McVeigh Reportedly Admits Guilt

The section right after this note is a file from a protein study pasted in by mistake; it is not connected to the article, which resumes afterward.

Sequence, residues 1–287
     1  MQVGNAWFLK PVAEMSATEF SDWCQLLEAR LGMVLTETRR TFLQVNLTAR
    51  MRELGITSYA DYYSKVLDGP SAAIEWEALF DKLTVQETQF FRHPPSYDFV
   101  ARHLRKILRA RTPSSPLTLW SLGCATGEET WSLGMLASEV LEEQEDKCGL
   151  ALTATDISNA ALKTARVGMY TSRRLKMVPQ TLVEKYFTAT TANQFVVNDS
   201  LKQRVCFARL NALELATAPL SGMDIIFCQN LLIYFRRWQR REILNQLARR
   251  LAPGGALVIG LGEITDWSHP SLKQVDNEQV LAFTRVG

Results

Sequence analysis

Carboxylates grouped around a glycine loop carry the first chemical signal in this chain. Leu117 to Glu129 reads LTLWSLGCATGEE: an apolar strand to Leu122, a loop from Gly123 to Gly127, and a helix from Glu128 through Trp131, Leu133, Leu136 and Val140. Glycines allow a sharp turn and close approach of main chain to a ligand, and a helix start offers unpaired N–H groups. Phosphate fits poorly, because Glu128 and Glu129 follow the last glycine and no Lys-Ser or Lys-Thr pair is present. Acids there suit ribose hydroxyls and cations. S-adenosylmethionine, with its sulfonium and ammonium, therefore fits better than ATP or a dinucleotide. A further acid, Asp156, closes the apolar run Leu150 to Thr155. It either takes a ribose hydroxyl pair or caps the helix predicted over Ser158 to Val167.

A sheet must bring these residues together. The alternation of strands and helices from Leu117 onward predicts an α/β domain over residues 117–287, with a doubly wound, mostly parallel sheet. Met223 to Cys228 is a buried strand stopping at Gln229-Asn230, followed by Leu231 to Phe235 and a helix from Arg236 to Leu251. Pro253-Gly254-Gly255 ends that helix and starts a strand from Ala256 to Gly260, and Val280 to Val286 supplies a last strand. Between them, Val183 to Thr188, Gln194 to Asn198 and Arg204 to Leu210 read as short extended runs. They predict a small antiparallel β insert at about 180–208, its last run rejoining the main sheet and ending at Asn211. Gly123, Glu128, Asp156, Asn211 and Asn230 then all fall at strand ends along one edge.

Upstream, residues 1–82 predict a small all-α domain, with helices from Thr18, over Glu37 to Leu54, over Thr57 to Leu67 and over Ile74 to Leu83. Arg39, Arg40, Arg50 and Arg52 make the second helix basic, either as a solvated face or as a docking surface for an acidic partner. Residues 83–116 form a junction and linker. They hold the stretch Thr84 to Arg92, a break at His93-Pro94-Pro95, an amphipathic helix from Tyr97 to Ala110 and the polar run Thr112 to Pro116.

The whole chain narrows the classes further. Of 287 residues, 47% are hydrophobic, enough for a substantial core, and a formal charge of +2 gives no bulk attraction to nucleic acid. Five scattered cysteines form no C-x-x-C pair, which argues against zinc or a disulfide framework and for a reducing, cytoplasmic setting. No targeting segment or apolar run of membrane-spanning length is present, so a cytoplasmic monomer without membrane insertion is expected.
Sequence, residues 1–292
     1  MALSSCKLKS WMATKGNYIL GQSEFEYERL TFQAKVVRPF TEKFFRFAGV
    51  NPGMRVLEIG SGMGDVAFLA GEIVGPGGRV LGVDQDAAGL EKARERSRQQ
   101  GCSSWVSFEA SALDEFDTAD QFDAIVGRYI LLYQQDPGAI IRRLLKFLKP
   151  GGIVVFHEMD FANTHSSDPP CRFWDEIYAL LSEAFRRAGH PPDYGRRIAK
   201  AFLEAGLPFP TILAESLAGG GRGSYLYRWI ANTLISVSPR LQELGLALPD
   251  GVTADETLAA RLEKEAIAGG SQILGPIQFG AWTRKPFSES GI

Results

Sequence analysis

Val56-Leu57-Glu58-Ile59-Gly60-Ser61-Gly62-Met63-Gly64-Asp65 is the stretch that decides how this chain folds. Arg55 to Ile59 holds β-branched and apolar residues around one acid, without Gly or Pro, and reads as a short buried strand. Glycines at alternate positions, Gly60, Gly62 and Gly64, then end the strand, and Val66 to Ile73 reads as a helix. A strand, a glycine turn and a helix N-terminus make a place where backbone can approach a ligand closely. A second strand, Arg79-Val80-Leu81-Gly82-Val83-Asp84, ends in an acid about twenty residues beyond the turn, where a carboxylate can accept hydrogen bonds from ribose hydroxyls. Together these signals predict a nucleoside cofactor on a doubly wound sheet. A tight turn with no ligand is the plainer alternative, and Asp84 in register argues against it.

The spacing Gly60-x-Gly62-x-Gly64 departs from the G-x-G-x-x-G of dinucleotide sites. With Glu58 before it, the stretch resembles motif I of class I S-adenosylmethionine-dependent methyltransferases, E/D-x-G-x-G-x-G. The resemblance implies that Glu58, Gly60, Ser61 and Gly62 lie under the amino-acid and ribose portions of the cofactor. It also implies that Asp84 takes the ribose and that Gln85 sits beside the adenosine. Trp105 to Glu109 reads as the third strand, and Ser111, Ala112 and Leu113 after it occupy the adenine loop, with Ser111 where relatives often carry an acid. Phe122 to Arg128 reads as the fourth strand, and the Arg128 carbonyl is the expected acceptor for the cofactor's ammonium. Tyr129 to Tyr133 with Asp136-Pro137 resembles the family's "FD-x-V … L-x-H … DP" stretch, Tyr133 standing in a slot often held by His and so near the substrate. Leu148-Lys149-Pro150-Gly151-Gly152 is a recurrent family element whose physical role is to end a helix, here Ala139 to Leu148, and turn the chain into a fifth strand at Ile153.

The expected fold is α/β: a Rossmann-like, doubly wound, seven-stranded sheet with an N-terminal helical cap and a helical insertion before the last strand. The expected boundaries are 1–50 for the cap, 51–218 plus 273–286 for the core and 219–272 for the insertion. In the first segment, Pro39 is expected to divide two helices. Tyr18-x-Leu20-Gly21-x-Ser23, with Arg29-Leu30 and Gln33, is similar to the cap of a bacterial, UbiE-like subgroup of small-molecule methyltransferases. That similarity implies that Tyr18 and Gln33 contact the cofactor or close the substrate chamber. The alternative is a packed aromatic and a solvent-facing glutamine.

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DALLAS: Defense notes obtained by the Dallas Morning News reportedly show that Timothy McVeigh told his attorneys that he alone drove the rental truck used in the Oklahoma City bombing, and that he choose to detonate the device in the morning in hopes of injuring and killing as many people as possible in order get his point across to the government. The documents, a compilation of interviews between McVeigh and his defense team, also reveal how McVeigh and Terry Nichols built the bomb and how they funded the operation with robberies. McVeigh's attorney, Stephen Jones, called the reports fakes and asked the newspaper not to publish them. "I don't presume to know everything everybody has said, but none of that sounds familiar to me," Jones told the paper. Ralph Langer, executive vice president and editor of The News, said the documents were real and were obtained legally. His decision to publish them late Friday on the newspaper's website ( may have been an effort to prevent the defense from suppressing the documents. If the documents are real, the statements made by McVeigh could validate critical points in the prosecution's case and help prove him and Nichols guilty. In one revelation, McVeigh contradicted a witness claim that she knew the identity of the person who drove the rental truck. "Mr. McVeigh . . . insisted that he was the one who drove the Ryder truck," a defense interviewer wrote. McVeigh also described to interviewers in stark detail the make up of the bomb that blasted the Oklahoma federal building. According to the documents, he said the device was made with 5,400 pounds of ammonium nitrate fertilizer, six hundred pounds more than the government's estimate, and that it was mixed with $3000 worth of racing fuel to produce a bomb of exceptional power. McVeigh added that the scheme was financed at least partially by the 1994 robbery of a gun dealer in Arkansas, which was carried out by Terry Nichols. But that wasn't the end of the robberies. Additional statements revealed both McVeigh and Nichols stole explosives from a quarry in Kansas in 1994 to further their plan. It is unclear how damaging McVeigh's comments are to his defense. It is believed the reports may not be seen by the jury because they were based on a meeting with a defense team member. Under this particular legal proceeding, the defense does not have to provide evidence of this kind to the prosecution. McVeigh's trial on murder and conspiracy charges begins March 31 in Denver. Nichols will be tried separately. If convicted, they could get the death penalty for an attack which killed 168 people and injured more than 500.